May 23, 2010

LeDroit Park in 1921

We were paging through the excellent online map collection of the Library of Congress and downloaded the 1921 Baist Real Estate Atlas of Washington, DC.  This meticulous city atlas marked all the water mains, sewers, streets, squares, lots, and buildings.  Buildings were shaded to indicate their construction materials (red for brick, yellow for wood).  Subdivision names as well as the names of certain proprietors made their ways into the Baist maps, too.

We’re actually studying this atlas to do some research for an upcoming post on the zoning code, but for your convenience we’ve stitched together the three pages of the atlas covering LeDroit Park and Bloomingdale and published it as a single PDF document.  Here are a few highlights.

The 400 block of U Street, famous for its houses designed by Washington architect James McGill, reveals that the lots 12, 13, and 14 in square 3081 are wood houses, while all the other McGill houses on the block are brick.

Here’s the original Gage School, now a condo building, on Second Street. Notice the Moore property, which predates the establishment of LeDroit Park, extending all the way south to Florida Avenue.

The current site of the United Planning Organization on Rhode Island Avenue was the estate of engraver David McClelland.  As we wrote before, the U.S. War Department confiscated Mr. McClelland’s map of the District at the outbreak of the Civil War.  The Elks later purchased the McClelland estate and eventually sold it and moved into their current building on Third Street (marked as Harewood Avenue below).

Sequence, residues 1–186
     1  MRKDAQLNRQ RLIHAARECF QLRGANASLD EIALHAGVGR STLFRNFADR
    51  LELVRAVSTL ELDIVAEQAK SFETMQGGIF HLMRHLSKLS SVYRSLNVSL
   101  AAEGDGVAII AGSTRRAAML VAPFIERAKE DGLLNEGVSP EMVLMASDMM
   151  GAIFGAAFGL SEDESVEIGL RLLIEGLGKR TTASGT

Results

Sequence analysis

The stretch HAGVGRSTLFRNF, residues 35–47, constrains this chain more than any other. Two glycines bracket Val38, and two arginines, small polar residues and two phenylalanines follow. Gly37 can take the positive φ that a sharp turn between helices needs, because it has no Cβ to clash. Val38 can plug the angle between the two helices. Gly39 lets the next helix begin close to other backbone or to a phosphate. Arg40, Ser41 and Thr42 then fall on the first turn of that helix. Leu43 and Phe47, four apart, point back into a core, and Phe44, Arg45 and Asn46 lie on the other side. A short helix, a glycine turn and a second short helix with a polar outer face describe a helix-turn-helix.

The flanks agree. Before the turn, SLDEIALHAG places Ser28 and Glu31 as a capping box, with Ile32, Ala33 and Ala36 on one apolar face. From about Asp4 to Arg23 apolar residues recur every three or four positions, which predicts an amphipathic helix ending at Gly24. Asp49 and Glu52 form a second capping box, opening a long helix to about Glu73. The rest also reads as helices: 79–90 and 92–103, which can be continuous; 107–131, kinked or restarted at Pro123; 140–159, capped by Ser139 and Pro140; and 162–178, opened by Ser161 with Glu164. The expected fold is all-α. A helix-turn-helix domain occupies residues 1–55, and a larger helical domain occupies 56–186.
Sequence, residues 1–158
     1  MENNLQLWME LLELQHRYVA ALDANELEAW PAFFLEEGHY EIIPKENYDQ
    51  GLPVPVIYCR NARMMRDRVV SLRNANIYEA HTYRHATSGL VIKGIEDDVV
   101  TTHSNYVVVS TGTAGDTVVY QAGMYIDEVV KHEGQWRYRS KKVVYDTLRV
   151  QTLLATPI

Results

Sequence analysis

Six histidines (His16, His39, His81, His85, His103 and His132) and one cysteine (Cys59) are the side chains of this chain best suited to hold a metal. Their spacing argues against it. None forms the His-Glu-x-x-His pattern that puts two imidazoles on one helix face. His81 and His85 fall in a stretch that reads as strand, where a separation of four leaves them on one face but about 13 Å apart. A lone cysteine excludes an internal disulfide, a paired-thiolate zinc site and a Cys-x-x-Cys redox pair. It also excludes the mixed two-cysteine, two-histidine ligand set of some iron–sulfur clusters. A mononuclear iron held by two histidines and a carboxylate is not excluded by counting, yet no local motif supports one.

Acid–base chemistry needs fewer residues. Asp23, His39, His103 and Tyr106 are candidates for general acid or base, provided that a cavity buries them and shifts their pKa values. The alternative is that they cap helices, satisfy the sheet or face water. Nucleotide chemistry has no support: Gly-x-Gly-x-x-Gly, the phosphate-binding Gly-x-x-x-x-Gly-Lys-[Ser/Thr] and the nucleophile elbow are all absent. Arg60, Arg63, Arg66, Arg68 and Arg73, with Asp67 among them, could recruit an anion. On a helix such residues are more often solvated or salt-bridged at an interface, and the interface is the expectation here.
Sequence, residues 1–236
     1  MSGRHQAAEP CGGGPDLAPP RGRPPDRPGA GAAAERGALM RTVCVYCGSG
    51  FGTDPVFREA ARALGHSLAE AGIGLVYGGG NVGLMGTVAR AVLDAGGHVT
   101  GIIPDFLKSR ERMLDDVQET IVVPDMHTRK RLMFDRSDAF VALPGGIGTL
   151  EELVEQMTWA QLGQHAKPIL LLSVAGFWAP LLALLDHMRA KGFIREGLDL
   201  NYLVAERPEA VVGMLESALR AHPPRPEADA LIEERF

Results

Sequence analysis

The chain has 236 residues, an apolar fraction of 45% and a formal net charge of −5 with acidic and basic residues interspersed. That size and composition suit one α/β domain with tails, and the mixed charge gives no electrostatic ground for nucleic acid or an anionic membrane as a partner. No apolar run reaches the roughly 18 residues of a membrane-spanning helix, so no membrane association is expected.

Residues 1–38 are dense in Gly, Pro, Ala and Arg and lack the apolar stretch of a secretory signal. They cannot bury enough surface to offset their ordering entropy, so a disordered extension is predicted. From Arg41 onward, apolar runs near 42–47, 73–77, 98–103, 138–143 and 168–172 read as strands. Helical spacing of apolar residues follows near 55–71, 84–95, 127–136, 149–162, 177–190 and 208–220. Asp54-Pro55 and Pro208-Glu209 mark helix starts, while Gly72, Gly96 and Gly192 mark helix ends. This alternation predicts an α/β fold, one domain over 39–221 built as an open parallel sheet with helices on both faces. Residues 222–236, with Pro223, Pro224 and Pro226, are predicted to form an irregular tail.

In the 1970s, the city razed all the area shaded in green below to make way for Gage-Eckington Elementary School, which was itself razed just last year after years of declining enrollment.

Categories: History
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2 Replies

  1. Wow, great find! Look at all the detached homes that used to line 3rd Street between Rhode Island and Elm Street. It must have been a gorgeous street back in the day. How on Earth were those existing boxy brick apartment buildings ever allowed to get built?! They are so out of character with the rest of the street/neighborhood. The red tape is certainly much thicker these days!

    AP - May 24, 2010 @ 1:04 pm
  2. I might have to print this map out and take a walk around the neighborhood. I have to say that this blog site is by far one of my favorites in the city. I love the maps and historical articles. It would be interesting to see what the property looked like in photographs of the plot where that old Safeway stands.

    Agreed with the previous poster…it is too bad that a lot of this was torn down and replaced with boxy brick buildings. I know some of them are dorms…but they are really an eye sore. Part of history too I suppose!

    Flagler Pl NW - May 25, 2010 @ 9:42 am

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